What do pro athletes really eat? Why nutrition is vital at all levels of sport
It’s easy to assume that all of the top pros have everything down to a tee. But in episode 66 of the Science for Sport Podcast, Dr Tom Little reveals that’s not always the case.
Nutrition: Even elite athletes get it wrong sometimes
Have you ever wondered what pro footballers really eat? In today’s world of data-driven precision performance, it’s easy to assume that all of the top pros have everything down to a tee. But in episode 66 of the Science for Sport Podcast, Dr Tom Little, Sport Performance Specialist at Preston North End Football Club, was asked whether this was really the case.
Little — who has more than 20 years of experience in professional sport, with a number of those in the English Premier League — provided a host of fantastic practical advice in the podcast, but started by divulging some absolute shockers from pro players who have messed up their nutrition. These are golden examples of what NOT to eat! You’ll have to listen to find out exactly what they are though.
Carbohydrates, protein and fats: The 3,2,1 rule
The meat and potatoes of the podcast (pun intended) is on how you can improve your performance by calculating the right amount of macronutrients you need per day. Little likes to use a really simple 3,2,1 rule which basically states that you should take in 3g per kg of body weight of carbohydrates, 2g/kg protein and 1g/kg fats. This rule suits most people on most days, but on intensive exercise days, this may need to change.
Using the 3,2,1 rule means that for a 70kg athlete, you’re probably looking at 210g carbs, 140g protein, and 70g fat. However when you’re doing a lot of exercise, the recommendations might be higher, especially for carbohydrates. Little goes on to explain that although some studies show up to 10g/kg of carbohydrates might improve performance, these studies are often done with cyclists who not only have different metabolic demands, but are also able to easily consume these extra carbs as a drink or a gel during their sport. In his experience, up to 5 or 6g/kg for footballers is more realistic when the exertion levels have been high.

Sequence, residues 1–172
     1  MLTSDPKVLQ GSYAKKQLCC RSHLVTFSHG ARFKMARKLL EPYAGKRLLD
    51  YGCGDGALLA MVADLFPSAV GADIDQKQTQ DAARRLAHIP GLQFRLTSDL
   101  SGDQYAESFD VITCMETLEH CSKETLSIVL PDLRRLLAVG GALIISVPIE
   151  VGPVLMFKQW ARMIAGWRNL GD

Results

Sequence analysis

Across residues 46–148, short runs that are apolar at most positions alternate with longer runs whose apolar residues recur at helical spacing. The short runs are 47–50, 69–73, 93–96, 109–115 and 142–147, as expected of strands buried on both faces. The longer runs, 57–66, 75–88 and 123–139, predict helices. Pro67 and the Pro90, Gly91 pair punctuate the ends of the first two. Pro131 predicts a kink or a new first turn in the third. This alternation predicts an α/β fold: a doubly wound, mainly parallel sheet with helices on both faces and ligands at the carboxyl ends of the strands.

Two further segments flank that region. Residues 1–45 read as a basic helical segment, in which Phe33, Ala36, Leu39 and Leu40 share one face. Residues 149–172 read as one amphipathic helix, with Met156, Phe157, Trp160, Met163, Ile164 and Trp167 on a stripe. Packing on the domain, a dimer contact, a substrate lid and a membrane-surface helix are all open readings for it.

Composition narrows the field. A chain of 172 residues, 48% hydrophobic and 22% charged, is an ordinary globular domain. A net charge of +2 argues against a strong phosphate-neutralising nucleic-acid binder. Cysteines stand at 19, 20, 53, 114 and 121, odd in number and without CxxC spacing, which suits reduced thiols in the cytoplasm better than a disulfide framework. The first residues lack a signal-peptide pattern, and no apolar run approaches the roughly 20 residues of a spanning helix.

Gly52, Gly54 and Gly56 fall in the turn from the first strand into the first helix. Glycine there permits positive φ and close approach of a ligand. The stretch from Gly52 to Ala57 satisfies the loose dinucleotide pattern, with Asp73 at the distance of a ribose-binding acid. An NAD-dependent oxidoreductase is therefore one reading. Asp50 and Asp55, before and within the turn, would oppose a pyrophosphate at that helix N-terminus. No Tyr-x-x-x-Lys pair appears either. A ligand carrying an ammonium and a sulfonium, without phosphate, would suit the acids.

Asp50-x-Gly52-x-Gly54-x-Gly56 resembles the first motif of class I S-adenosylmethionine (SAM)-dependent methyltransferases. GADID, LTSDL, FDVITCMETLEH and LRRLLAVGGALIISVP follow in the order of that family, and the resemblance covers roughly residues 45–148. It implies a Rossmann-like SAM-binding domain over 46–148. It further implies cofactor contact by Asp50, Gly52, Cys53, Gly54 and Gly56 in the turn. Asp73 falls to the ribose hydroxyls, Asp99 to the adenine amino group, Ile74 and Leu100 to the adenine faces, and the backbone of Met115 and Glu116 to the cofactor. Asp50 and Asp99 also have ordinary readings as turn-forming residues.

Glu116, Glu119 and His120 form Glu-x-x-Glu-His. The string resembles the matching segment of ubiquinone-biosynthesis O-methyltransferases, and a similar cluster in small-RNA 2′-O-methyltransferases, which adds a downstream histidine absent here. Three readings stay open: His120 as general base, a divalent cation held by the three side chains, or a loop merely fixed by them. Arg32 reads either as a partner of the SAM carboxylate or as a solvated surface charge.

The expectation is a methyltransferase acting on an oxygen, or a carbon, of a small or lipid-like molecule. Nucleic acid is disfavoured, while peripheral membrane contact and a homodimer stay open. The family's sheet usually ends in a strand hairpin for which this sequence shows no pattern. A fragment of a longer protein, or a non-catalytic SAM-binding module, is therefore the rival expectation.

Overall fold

Little also delved into the most important day of the week for many athletes – match day. When it comes to improving performance, this day is what it’s all about. Little revealed some juicy details as to what pro players are doing on match day. He explained that at the professional level, players will often eat at the club, which means dieticians and chefs can get their heads together to offer the players a carbohydrate-rich meal before the game. These meals might contain more calorie-dense foods, compared to rest days, which would have more of a balanced menu.
“Chefs are the most important personnel to have in your nutrition team – without a good chef you might as well feed them paper you’ve written the meal plan on,” Little said.
After the game, recovery is of course essential, especially for athletes who play multiple times per week. Post-match recommendations from Little are as follows: some light finger food after the game, maybe some high-carbohydrate liquid or gels followed by a meal around 1-2 hours post-game.
Before bed is another chance to boost recovery overnight with a light meal: Little recommended 2.2g/kg body weight for carbohydrates, 0.5g/kg protein and low levels of fat for each of these sittings. Important to note here is that post-match fat recommendations are lower, as it can be pretty difficult to get the higher levels of carbs and protein which you need to refuel and recover. If you want to use these recommendations to fuel your performance, you end up eating a lot of food, which means players need to bring their A-game to the table as well as the pitch.
These great actionable recommendations are just a fraction of the podcast. Little also discussed the need for a different plan of attack when it comes to youth athletes, the importance of education (for both athletes and parents), and some easy food substitutions for even the pickiest of players. If you want to hear more on this, and of course hear about the worst meals Little has seen pro players eat, listen to the podcast now.
You can download the podcast on any of the big hosting services, including Apple podcasts and Spotify, or just use this link: https://scienceforsport.fireside.fm/66
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